Digital Forensics in the Era of Cybercrime: Emerging Trends and Challenges for Forensic Accountants in Nigeria (Published)
This study examined the impact of technology on digital forensics and the challenges faced by forensic accountants in the era of cybercrime. The study highlights the four dimensions in which technology has an impact on digital forensics: technical, legal, organizational, and educational. The paper also discusses how emerging technologies such as artificial intelligence and machine learning can be used in digital forensics, along with the challenges they present. Cloud computing is also examined, and the challenges it poses for forensic accountants who need to access and analyze financial data stored or processed in the cloud are discussed. The research used a qualitative research design and incorporated the chain of custody theory in digital forensics. The findings of this study suggest that forensic accountants need to update their knowledge and skills in digital forensics to keep up with the latest trends and technologies in cybercrime in Nigeria. It is recommended that forensic accountants adopt a multidisciplinary approach that integrates accounting principles with digital forensics methods and tools. Additionally, following best practices and guidelines for digital evidence collection, preservation, analysis, and presentation is crucial to ensure the integrity, reliability, and admissibility of digital evidence in court.
The New Fraud Diamond Model: How Can It Help Forensic Accountants In Fraud Investigation In Nigeria? (Published)
Fraud has been associated with human organisation from recorded history. Investigating and detecting fraud is not an easy task and requires thorough knowledge about the nature of fraud, how it can be committed and concealed. Forensic Accountants are increasingly being asked to play an important role in helping organisations investigate, prevent and detect fraud. This paper aims at broadening Forensic Accountants knowledge about fraud and why it occurs. The paper adopts secondary source of data to explain Wolf and Hermanson fraud theory and shows its relevance, presents the other fraud models and relates them to Wolf and Hermanson’s model, and proposes a “New Fraud Diamond Model’’ that Forensic Accountants could use when assessing the risk of fraud in Nigeria.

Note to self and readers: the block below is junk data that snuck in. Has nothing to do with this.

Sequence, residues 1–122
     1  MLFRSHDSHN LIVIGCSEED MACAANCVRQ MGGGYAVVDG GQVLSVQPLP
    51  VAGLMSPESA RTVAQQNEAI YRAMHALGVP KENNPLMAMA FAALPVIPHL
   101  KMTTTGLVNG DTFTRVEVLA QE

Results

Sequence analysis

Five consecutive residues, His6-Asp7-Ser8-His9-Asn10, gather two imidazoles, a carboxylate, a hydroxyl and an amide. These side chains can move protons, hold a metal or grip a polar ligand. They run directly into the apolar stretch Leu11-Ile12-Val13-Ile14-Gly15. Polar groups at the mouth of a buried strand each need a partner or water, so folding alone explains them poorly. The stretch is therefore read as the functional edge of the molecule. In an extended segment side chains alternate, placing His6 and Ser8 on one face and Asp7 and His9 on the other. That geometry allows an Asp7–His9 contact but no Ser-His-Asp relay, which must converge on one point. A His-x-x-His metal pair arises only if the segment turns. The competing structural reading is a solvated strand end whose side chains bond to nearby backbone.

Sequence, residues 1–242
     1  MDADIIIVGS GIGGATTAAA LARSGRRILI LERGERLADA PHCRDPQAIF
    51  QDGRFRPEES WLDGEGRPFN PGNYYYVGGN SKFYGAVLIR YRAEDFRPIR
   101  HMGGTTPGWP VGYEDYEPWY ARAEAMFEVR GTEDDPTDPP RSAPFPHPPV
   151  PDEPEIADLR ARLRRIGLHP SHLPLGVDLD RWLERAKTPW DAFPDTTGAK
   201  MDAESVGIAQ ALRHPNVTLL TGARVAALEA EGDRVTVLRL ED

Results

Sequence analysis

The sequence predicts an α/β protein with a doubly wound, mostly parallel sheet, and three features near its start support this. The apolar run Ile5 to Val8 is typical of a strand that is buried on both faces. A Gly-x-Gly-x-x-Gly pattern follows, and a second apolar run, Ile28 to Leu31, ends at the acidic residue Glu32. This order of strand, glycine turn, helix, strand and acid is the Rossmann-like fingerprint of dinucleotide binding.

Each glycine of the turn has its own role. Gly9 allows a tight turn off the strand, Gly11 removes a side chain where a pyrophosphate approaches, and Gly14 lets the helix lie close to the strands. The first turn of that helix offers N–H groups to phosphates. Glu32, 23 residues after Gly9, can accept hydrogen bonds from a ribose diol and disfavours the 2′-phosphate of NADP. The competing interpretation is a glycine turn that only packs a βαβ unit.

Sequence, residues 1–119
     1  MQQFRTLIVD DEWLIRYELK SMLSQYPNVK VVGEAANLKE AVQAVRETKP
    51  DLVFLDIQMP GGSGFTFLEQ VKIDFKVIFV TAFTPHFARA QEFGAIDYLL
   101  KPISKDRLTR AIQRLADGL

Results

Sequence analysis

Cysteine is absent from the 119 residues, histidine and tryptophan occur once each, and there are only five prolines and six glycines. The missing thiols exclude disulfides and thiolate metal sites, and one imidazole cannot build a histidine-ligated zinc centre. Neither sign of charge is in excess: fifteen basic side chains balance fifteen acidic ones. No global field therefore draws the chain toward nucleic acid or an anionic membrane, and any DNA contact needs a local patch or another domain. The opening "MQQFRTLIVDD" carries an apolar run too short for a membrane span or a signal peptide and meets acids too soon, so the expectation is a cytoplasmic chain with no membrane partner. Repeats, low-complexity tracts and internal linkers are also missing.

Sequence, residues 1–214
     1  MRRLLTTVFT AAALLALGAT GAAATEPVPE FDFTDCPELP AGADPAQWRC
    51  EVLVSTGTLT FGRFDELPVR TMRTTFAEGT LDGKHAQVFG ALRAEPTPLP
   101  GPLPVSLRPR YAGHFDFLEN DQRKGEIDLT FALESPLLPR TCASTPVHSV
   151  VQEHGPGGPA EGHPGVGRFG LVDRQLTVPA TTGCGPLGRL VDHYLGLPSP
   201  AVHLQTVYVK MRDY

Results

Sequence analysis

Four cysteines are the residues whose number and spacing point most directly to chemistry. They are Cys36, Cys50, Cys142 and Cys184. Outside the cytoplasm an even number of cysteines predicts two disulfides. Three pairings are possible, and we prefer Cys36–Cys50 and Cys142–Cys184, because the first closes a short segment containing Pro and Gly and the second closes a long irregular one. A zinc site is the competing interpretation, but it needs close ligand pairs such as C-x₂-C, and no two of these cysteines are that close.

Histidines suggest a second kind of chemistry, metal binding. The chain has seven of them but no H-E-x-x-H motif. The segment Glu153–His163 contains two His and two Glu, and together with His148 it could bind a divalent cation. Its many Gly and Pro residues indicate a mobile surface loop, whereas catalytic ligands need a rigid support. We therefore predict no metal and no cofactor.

An Empirical Investigation of the Relevant Skills of Forensic Accountants: Experience of a Developing Economy (Published)
Accounting frauds and scams are perennial. They occurred in all eras and in all countries, and affected many organizations, regardless of their size, location, or industry. From Enron and WorldCom in 2001 to Madoff and Satyam in 2009, accounting frauds and scams have been dominating news items in the past decade. Corporations and regulatory bodies are trying their best to analyze and correct existing defects in their reporting system. After having an overview of the fraud scenario in India, it is apparent that criminals have become technology-savvy, and invented newer schemes to perpetuate crimes. In the current reporting environment of “digital-age,” forensic accountants (FA’s) are in great demand for their ‘niche’ accounting, auditing, legal and investigative skills. Hence, ‘forensic’ accounting has been thrown in the forefront of the crusade” against financial deception and accounting scandals.The present study investigates through a questionnaire, which was conducted in three leading States of the national capital region (NCR) of India during 2011-12, “if there are differences in the views of the relevant skills of FA’s among accounting practitioners, academics, and users of forensic accounting services.” From the statistical test of the hypotheses propounded for this study, we discovered that “core skills are not enough requirements for FA’s, there are significant differences in the relevant skills of FA’s, as given by previous researchers with the current research, and the necessary skills of FA’s, as identified by both academics and professionals, will hopefully meet employers’ expectations too.” Therefore, FA’s, being professional experts having ‘sixth’ sense and possessing ‘special’ skills are urgently required to counter all the ingenuity of these criminals. At present, some Universities in India are considering adding forensic accounting course to their curriculum. The results of this study may provide some guidance to educators for the development of forensic accounting curriculum by identifying the pertinent skills to accompany such a program of study.